From Tondo to Cebu–when Mother Teresa came, ‘no one was refused’ | Lifestyle.INQ

OCTOBER 27, 2022

MOTHER Teresa once (gently) admonished Jaime Cardinal Sin’s photographerNoli Yamsuan for taking her candid shots. “Why do you like taking pictures of ugly women?” she asked. PHOTO COURTESY OF NOLI YAMSUAN

Why do you like taking pictures of ugly women?”


Mother Teresa was exasperated with Jaime Cardinal Sin’s “unofficial” photographer.


On one of her visits to Manila, Noli Yamsuan insisted on taking candid shots of the founder of the Missionaries of Charity without her consent.


“Actually hindi naman siya galit. She would say it in a nice way. She didn’t want her picture taken. Alam mo naman si Mother Teresa, she was so humble.  But then Mr. Noli would not take ‘no’ for an answer.  So every chance I got, kukunan ko siya ng litrato,” recalled Yamsuan, who now follows Luis Antonio Cardinal Tagle with his camera.


Quiet work


Unlike publicity hounds who would even bring along their own media team (or badger someone else’s) to document their moves, Mother Teresa shunned cameras during her time, preferring to work quietly in caring for what she called “the poorest of the poor.”


But what was apparently unknown to the nun fondly called “The Living Saint” was that Cardinal Sin was the one alerting his photographer to her whereabouts.


“Cardinal Sin always addressed her with that greeting. ‘The Living Saint,’ he would say.  But she would always remain humble,” the photographer noted.


The Vatican’s Jubilee calendar dedicates this day  to Mother Teresa. Today also marks her canonization, the ceremonies of which will be presided over by Pope Francis in Rome.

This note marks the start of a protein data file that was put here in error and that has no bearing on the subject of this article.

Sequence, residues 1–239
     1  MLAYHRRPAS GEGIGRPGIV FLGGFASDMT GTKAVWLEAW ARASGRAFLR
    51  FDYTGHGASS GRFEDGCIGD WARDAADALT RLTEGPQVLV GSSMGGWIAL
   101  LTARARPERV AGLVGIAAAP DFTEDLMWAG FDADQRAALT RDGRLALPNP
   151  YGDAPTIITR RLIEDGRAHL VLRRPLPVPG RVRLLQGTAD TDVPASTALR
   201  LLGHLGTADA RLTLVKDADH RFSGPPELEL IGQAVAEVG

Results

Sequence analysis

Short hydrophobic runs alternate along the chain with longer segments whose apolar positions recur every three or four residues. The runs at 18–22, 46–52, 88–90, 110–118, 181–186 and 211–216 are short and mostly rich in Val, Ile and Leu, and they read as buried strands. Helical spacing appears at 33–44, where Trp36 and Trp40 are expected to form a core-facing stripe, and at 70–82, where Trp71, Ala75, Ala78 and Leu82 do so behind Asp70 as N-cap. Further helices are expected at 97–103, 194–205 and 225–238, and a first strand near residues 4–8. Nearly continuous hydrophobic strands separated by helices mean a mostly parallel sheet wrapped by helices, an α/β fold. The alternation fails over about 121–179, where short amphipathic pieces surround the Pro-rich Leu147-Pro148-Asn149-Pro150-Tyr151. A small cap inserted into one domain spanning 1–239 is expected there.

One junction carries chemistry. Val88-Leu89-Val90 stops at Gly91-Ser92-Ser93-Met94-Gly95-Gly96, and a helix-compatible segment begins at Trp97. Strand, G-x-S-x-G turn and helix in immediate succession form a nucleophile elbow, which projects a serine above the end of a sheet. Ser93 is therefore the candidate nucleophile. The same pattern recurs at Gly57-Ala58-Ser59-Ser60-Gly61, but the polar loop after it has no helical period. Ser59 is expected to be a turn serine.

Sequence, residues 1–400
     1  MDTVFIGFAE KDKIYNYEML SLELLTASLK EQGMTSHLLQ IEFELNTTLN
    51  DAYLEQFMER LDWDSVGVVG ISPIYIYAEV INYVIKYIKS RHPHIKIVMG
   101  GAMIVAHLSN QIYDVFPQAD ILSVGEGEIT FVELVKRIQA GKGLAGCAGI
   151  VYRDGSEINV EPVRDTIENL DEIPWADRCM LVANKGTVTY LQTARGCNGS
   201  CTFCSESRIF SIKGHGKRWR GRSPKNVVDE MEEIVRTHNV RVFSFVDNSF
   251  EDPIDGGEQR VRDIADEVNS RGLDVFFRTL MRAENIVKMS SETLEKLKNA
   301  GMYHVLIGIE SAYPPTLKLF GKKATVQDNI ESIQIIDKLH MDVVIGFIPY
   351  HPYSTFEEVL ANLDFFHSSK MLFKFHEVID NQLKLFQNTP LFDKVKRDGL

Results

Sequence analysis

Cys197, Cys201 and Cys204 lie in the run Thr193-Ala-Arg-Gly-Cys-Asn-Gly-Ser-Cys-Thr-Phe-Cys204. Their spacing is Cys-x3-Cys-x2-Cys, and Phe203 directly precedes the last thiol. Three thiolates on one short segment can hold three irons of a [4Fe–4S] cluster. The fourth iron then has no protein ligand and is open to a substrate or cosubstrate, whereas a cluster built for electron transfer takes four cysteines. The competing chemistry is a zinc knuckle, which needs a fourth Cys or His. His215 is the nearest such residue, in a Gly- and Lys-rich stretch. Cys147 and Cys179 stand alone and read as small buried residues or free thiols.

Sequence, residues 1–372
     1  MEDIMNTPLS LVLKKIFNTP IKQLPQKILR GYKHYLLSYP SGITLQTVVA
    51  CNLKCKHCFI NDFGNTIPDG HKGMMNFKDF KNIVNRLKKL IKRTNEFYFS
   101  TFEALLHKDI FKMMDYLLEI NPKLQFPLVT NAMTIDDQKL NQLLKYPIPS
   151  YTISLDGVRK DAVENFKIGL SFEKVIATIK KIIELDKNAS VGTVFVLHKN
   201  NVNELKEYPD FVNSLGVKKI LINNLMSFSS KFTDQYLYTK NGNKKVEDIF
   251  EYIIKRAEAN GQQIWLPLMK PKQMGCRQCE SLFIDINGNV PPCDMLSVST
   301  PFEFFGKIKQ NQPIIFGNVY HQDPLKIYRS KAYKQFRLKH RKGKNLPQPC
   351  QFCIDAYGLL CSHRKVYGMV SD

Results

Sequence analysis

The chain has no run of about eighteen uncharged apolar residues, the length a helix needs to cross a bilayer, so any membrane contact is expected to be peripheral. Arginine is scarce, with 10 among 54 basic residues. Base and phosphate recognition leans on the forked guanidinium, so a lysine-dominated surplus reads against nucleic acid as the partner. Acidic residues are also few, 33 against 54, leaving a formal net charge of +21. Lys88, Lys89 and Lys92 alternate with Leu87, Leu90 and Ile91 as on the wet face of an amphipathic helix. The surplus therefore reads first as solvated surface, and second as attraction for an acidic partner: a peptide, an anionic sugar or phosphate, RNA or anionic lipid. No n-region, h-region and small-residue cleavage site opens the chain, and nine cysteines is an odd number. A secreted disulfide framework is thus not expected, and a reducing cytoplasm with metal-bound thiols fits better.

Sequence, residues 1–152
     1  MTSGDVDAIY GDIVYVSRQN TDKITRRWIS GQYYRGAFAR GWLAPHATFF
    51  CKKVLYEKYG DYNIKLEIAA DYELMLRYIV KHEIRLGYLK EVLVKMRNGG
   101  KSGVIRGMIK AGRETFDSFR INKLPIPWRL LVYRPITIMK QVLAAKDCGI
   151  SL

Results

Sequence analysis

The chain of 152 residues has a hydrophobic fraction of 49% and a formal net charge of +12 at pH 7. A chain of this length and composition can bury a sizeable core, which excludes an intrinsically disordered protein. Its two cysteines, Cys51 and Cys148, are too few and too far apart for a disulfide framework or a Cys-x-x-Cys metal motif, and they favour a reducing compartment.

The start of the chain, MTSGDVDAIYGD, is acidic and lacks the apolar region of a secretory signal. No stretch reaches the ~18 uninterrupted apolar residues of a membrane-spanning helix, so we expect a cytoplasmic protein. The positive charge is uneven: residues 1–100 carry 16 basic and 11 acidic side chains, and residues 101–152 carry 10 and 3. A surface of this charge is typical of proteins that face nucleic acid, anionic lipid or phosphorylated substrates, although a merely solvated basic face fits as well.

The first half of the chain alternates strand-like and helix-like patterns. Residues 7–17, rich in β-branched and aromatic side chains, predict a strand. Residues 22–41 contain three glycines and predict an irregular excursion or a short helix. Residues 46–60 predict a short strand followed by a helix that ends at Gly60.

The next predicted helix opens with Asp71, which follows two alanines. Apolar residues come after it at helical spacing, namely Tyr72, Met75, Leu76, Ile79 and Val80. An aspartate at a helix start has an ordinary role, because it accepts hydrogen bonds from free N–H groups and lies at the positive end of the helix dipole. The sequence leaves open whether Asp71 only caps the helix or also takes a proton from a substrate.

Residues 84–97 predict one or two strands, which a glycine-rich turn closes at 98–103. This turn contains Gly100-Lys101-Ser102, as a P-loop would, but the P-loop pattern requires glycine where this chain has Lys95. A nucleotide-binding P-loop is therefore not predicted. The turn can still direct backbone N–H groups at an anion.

Mother Teresa made several visits to the Philippines from 1976 to 1995. Those who saw her still remember her with awe, fondness and admiration.  Her humility always remains foremost in their minds.


Liturgical designer Antonio “Tony” Adriano had just finished his fine arts degree in the 1980s when he saw Mother Teresa by chance while attending Mass at Ermita shrine (Archdiocesan Shrine of Nuestra Señora de Guia) in Manila.


“She would sneak in na parang daga. By the time I noticed her, she would already be seated in a pew. Walang fanfare,” he said. Adriano said the priest that time celebrated “a Mass for the poor. Some bishops and priests were there.”


Adriano recalled that during her visits, Mother Teresa would stay in what they referred as “the Mother House” at the foot of Del Pan bridge, less than a mile from the posh Manila Hotel.


Yamsuan knew the place well. He said that when Mother Teresa and Cardinal Sin met in 1977, the Cardinal mentioned the need for a house where dying indigents can rest and leave with dignity.


“They had water and soda crackers during that meeting,” he said.


Yamsuan added that not long after, then Manila Mayor Ramon Bagatsing offered a venue in Tondo called Peñarubia House. Yamsuan said it was the first house of Mother Teresa’s religious order in Manila. (The place was formally called Alay Ng Puso or Home for the Sick and Malnourished.)


“Eventually they were able to get a bigger place at the back of Tayuman Cathedral,” he added. (The Missionaries of Charity transferred to Immaculate Heart of Mary/ Home for the Sick and Dying Destitutes in Tondo, Manila.)


Adriano also recalled that when he began regular sojourns to Europe as part of his job, he would chance upon Mother Teresa and her nuns, especially during a stint at the Philippine Embassy there.